Do not buy an HDMI 2.1 TV before reading a small print

Sony TV

Photography: Wes Davis / Gizmodo

Just like USB, SD and other ports, not every HDMI input is the same, and using the right one could have a significant effect on things like picture quality, frame rate and latency.

If deciphering each version of HDMI wasn’t already tedious enough, we now know that the latest and greatest HDMI 2.1 standard isn’t exactly standardized. A TFTCentral The investigation revealed that the TV or monitor you buy with “HDMI 2.1” may not support any of the latest features.

TFTCentral sniffed out something suspicious when it saw that the Xiaomi monitor with HDMI 2.1 support meets the specifications for HDMI 2.0 only. Instead of 4K resolution, the panel was limited to 1080p. And the thing is, Xiaomi has technically done nothing wrong. It all comes down to semantics and some vague (and consumer hostile) guidelines set by the HDMI licensing administrator.

In this case, Xiaomi was harmonized in the eyes of the HDMI gods because it buried this little final note within the terms and conditions: “Due to the division of HDMI certification standards, HDMI 2.1 is divided into TMDS (bandwidth is equivalent to original HDMI 2.0 and FRL protocols) . The HDMI 2.1 interface of this product supports the TMDS protocol, the maximum supported resolution is 1920 × 1080, and the maximum refresh rate is 240Hz. ”

We are now getting into technical issues, but, in short, HDMI 2.0 is a subset of HDMI 2.1, which means that its specifications are located within the newer standard. The standards organization even said it would no longer certify for HDMI 2.0, telling TFTCentral that HDMI 2.0 “no longer exists” and that the features and capabilities of HDMI 2.1 are optional. As long as the monitor supports one of the newer standards, it can be called HDMI 2.1.

As you’d expect, HDMI 2.1 consists of many standards, so TV and monitor manufacturers could theoretically take the lowest hanging fruit, add it to their (earlier) HDMI 2.0 ports, and put the HDMI 2.1 label on the box.

This has even been confirmed by the body for HDMI standards The Verge that what Xiaomi does is perfectly within the rules and that we all depend on manufacturers to be honest about their products. The problem is that they rarely are.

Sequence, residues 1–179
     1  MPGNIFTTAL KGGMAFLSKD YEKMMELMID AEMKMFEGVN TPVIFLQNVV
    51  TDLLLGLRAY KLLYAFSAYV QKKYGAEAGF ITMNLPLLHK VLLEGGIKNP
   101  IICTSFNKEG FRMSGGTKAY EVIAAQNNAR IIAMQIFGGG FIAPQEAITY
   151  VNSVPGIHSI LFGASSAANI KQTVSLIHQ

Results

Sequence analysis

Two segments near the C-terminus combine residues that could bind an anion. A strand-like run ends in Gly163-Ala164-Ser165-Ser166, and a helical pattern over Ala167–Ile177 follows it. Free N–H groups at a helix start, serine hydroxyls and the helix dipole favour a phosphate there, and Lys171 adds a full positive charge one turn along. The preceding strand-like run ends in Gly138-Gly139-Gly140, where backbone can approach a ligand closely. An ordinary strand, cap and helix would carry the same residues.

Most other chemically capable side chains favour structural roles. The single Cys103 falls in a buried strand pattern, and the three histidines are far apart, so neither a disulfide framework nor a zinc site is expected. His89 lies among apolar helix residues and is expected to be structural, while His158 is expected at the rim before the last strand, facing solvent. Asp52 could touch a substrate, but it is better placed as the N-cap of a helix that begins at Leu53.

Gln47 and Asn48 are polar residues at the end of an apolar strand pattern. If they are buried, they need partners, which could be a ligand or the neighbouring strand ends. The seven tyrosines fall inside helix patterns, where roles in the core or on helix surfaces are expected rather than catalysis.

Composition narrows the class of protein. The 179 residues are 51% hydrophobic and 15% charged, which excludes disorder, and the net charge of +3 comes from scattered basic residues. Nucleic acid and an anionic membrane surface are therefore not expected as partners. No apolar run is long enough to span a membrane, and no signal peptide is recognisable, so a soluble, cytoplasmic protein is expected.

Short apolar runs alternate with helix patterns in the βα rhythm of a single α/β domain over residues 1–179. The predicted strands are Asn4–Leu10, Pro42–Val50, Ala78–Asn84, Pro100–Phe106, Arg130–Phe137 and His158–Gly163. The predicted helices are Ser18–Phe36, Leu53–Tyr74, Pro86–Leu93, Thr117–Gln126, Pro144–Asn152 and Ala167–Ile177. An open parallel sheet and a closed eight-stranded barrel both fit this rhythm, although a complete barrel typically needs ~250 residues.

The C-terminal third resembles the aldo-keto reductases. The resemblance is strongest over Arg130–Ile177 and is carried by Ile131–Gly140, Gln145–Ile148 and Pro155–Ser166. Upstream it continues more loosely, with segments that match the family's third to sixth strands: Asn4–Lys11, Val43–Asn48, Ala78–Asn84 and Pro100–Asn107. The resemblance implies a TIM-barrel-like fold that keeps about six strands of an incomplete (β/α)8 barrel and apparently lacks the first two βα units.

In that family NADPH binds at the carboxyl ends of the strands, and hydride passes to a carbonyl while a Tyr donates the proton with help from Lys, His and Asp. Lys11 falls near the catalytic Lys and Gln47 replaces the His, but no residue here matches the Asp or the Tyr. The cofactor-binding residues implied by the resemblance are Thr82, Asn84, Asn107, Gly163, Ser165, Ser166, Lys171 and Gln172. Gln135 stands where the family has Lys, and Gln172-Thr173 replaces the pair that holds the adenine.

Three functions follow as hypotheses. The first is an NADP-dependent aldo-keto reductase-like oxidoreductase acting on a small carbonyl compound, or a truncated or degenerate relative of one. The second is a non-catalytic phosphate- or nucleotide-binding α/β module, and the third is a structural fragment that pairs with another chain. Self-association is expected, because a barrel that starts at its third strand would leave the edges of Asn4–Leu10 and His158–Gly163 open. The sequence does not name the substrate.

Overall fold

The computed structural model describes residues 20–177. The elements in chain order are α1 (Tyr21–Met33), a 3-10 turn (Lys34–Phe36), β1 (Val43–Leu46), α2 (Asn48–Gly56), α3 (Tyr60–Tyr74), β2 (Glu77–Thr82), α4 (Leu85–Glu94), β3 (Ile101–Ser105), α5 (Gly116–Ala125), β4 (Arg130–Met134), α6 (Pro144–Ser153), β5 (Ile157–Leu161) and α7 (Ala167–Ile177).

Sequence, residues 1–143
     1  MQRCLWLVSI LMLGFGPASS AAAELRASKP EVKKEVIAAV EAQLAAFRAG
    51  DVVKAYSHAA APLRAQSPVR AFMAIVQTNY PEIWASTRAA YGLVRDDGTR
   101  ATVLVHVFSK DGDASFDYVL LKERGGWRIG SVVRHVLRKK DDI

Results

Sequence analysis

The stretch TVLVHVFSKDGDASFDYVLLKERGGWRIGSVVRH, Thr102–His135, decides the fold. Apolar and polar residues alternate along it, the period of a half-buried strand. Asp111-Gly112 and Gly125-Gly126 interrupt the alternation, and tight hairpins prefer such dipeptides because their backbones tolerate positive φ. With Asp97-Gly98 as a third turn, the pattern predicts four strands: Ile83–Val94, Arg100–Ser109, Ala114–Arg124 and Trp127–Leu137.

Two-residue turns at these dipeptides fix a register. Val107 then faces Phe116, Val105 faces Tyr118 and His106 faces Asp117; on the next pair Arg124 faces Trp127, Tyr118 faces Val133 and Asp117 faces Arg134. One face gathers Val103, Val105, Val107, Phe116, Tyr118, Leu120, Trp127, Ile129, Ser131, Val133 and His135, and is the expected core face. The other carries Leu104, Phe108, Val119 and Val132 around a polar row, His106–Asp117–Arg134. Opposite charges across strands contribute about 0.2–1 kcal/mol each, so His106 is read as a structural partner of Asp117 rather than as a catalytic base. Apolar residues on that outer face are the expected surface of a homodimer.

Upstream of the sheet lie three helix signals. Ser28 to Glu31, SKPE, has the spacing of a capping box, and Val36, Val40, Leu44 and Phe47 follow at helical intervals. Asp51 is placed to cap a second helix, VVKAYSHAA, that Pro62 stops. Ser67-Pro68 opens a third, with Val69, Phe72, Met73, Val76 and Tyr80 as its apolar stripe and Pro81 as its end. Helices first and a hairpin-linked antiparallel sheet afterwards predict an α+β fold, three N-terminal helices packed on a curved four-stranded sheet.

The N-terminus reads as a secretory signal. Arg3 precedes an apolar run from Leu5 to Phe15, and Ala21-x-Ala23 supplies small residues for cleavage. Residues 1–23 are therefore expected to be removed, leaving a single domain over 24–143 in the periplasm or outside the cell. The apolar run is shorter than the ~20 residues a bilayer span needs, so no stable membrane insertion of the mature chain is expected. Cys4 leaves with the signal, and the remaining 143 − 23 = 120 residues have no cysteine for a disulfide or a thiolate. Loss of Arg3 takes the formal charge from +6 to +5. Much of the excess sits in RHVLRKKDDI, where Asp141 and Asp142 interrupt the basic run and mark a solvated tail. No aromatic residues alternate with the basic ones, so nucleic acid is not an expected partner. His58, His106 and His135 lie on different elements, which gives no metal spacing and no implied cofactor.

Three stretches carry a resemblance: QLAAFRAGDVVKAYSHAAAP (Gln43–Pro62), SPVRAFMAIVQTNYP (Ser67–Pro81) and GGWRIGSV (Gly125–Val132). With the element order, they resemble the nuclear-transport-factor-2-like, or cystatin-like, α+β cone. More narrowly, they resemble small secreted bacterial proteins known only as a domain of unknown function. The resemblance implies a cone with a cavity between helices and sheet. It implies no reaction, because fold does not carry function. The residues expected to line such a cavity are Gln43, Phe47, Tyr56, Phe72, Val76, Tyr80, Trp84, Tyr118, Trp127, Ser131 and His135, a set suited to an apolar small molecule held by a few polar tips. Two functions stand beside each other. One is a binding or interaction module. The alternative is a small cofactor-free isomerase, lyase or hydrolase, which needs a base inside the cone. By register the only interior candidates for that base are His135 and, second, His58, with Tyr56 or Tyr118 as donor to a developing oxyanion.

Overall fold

History tells us that even reputable brands will do everything they can to use the latest words to launch products. We’ve seen mobile operators try to use pseudo 4G and 5G tags, TV brands that sell TVs with HD compatibility but no display resolution, and household monitors that claim to deliver HDR despite not supporting the official standard.

This is a frustrating scenario for consumers, to whom these standards bodies should give priority. Now that you see HDMI 2.1 listed in the TV specifications it doesn’t necessarily mean it supports resolutions up to 10K, 48Gbps bandwidth and Dynamic HDR. And while these have always been only theoretical characteristics, we have mistakenly assumed existence of a minimum threshold by which we could take comfort. Now the minimum includes HDMI 2.0 specifications and can mean a maximum supported resolution of just 1080p.

HDMI 2.1 has hit the headlines in recent months due to the capabilities it provides on next-generation consoles and gaming PCs – specifically, the ability to run 4K games at 120Hz. You miss those benefits if you don’t have the right connection and a fast HDMI cable. Now, even if you think you have the right setting, you may not.

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Naveen Kumar

Friendly communicator. Music maven. Explorer. Pop culture trailblazer. Social media practitioner.

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